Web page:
Along the lines of narrow therapeutic index, I can recall two separate instances in which a patient was changed to a new warfarin generic drug product. In each case the patient's PT and INR (coagulation test) had been stable for months, but after the change their levels of anti-coagulation became too high. This took some detailed history-taking to figure out. One review of the literature suggested that generic warfarin and Coumadin products are equally effective and safe and uphold the FDA's criteria for bioequivalence, yet the authors still suggested that patients limit switches amongst warfarin products and brand and monitor anti-coagulation after making changes.

If a product is deemed bioequivalent then it is also deemed "interchangeable" and pharmacists are not required to inform physicians when they change a patient from brand to generic, or when they change from one generic to another.

Another patient, who reports a high level of drug sensitivity, noticed that a particular generic of nortriptyline used for chronic insomnia was more effective for him than others.

Thyroid medication is known to vary amongst the generics and Synthroid brand in terms of clinical effects. While the FDA has deemed these various products to be bioequivalent and interchangeable many endocrinologists disagree. In attempt to address this issue in 2004 a Joint Statement was issued by the major endocrinology professional societies making recommendations on the topic.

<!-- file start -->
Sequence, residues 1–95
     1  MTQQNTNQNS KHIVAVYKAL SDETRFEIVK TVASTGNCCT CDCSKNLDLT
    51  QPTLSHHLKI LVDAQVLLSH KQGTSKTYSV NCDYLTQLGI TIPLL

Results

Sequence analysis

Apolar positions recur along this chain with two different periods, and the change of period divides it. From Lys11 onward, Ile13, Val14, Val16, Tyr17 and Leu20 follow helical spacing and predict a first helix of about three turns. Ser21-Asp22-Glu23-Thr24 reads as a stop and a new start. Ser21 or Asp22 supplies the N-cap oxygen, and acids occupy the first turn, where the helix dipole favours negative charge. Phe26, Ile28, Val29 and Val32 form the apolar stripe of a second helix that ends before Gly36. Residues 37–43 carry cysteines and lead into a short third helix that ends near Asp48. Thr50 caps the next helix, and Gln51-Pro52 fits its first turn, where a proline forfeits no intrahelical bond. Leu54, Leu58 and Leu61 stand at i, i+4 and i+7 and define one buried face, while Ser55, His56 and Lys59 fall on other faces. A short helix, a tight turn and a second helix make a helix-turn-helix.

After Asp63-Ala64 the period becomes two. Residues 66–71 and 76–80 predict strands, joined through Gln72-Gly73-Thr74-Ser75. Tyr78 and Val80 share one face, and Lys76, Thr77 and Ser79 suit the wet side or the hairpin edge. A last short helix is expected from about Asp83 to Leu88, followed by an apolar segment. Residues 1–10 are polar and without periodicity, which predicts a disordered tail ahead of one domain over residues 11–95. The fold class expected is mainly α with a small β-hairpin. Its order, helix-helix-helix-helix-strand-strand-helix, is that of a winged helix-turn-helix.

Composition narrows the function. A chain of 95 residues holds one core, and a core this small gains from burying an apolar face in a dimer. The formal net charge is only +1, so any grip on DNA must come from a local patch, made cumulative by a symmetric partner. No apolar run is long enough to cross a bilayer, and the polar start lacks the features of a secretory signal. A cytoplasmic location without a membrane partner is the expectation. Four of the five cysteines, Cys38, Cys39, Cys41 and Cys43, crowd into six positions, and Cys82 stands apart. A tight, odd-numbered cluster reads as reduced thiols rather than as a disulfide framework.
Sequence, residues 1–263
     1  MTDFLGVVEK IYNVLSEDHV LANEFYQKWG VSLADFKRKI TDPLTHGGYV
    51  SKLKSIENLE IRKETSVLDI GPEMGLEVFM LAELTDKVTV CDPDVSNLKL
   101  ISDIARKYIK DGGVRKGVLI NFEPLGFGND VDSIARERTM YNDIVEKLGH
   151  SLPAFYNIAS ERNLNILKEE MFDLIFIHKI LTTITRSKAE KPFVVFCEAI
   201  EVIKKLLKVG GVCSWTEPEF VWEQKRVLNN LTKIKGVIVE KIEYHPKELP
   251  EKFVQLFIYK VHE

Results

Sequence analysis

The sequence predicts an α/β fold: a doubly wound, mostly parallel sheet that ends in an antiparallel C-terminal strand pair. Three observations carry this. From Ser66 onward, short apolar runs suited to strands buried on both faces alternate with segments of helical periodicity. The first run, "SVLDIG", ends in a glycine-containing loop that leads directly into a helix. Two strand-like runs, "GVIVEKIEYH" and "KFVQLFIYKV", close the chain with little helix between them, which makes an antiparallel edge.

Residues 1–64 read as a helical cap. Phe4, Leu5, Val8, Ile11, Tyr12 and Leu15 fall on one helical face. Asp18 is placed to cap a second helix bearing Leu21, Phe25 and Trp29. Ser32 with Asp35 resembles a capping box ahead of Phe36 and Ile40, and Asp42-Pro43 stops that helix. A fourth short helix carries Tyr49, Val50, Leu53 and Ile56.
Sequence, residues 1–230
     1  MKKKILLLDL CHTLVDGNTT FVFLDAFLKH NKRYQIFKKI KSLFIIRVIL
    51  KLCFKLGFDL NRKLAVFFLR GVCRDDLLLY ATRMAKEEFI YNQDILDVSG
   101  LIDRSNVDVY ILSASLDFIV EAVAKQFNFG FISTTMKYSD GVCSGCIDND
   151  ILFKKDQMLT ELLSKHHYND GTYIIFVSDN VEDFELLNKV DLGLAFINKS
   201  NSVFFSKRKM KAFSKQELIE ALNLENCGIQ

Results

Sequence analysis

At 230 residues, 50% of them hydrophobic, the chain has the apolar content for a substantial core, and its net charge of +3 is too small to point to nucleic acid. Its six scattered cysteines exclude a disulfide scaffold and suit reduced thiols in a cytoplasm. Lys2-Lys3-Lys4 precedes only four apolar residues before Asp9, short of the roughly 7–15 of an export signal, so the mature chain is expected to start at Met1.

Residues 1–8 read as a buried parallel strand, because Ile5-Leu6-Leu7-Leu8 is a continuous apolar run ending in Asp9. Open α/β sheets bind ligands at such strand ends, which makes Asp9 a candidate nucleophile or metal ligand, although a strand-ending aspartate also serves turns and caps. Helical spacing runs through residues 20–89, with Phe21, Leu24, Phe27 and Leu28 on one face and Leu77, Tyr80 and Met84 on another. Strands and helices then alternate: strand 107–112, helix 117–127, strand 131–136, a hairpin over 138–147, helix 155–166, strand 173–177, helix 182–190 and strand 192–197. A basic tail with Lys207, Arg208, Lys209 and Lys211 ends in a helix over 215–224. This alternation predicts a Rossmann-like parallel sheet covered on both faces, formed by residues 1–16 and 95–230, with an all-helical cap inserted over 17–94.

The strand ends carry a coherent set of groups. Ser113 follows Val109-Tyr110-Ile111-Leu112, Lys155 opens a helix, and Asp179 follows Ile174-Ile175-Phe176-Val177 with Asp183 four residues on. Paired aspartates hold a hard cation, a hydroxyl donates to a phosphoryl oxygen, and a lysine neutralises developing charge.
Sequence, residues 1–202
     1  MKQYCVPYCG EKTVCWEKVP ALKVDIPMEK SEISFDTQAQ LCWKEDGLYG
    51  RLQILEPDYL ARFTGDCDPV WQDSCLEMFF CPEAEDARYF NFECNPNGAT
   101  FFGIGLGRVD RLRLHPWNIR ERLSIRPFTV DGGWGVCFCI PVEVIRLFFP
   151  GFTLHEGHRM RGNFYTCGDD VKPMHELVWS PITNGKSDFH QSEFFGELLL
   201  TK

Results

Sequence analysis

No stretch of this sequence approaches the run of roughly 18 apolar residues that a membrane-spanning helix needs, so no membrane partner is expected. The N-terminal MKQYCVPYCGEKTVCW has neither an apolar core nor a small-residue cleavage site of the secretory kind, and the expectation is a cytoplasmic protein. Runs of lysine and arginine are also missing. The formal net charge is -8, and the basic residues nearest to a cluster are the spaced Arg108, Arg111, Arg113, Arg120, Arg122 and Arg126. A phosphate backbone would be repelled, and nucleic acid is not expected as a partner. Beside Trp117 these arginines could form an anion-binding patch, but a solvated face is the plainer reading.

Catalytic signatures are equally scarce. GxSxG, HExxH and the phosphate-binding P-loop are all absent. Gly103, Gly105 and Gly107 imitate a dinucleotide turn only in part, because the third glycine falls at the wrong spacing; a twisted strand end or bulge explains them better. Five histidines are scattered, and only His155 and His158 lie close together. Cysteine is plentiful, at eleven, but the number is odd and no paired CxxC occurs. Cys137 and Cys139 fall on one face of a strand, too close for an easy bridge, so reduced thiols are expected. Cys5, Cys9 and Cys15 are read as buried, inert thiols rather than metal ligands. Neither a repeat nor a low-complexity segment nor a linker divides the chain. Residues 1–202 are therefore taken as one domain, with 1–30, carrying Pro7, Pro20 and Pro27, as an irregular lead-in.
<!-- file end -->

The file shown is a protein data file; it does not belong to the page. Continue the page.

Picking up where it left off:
The most recent controversy regarding generics has to do with biological drugs, or "biologics." Because of the inherent complexity of these innovator drugs, which are derived from living cells, the concept of "biosimilar" has replaced bioequivalent for the generic products being developed. As reported last week in the New York Times, the pharmaceutical industry is currently engaged intense lobbying to prevent biosimilar generic biologics from coming to market as competition to the numerous, ultra-expensive biologics whose patents will be expiring in the near future.

The science behind the FDA approval process for generic drugs is rigorous. My advice, it can be smart to try a generic. There is no evidence that these products are of lower quality, or less effective than name brand products—though they are not required to go through clinical efficacy trials. However, be wary of minor fluctuations in the clinical effects of your medications when switching between name brand and generic, and amongst different generics, and be aware that your pharmacist may change your generic from one manufacturer to another without your knowledge (the pill should look different).

What is your experience with generic medications versus name brand products?

Juliet K. Mavromatis, MD, FACP, is a primary care physician in Atlanta, Ga. Previous to her primary care practice, she served on the general internal medicine faculty of Emory University, where she practiced clinical medicine and taught internal medicine residents for 12 years, and led initiatives to improve the quality of care for patients with diabetes. This work fostered an interest in innovative models of primary care delivery. Her blog, DrDialogue, acts as a conversation about health topics for patients and health professionals. This post originally appeared there.